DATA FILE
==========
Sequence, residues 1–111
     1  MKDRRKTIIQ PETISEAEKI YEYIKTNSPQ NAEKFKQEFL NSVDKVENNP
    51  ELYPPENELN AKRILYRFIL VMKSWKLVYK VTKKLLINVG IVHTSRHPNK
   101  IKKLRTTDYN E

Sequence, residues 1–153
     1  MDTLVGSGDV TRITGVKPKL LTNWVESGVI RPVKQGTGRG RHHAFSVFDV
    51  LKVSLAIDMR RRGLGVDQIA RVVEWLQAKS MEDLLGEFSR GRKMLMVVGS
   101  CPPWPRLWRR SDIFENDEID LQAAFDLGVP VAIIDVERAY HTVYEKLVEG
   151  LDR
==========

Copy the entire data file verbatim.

Sequence, residues 1–111
     1  MKDRRKTIIQ PETISEAEKI YEYIKTNSPQ NAEKFKQEFL NSVDKVENNP
    51  ELYPPENELN AKRILYRFIL VMKSWKLVYK VTKKLLINVG IVHTSRHPNK
   101  IKKLRTTDYN E

Sequence, residues 1–153
     1  MDTLVGSGDV TRITGVKPKL LTNWVESGVI RPVKQGTGRG RHHAFSVFDV
    51  LKVSLAIDMR RRGLGVDQIA RVVEWLQAKS MEDLLGEFSR GRKMLMVVGS
   101  CPPWPRLWRR SDIFENDEID LQAAFDLGVP VAIIDVERAY HTVYEKLVEG
   151  LDR